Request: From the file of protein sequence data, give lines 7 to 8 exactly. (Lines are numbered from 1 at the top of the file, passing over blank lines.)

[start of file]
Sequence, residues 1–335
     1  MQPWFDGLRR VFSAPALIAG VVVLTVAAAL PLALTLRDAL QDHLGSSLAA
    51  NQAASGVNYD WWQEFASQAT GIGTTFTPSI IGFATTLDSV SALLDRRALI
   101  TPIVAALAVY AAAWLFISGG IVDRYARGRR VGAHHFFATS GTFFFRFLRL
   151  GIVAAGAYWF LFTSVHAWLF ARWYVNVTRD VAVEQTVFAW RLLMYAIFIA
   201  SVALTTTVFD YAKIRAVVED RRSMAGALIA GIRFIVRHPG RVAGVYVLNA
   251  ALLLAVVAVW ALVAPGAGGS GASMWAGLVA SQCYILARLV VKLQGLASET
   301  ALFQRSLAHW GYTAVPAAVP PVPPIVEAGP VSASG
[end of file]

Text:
   251  ALLLAVVAVW ALVAPGAGGS GASMWAGLVA SQCYILARLV VKLQGLASET
   301  ALFQRSLAHW GYTAVPAAVP PVPPIVEAGP VSASG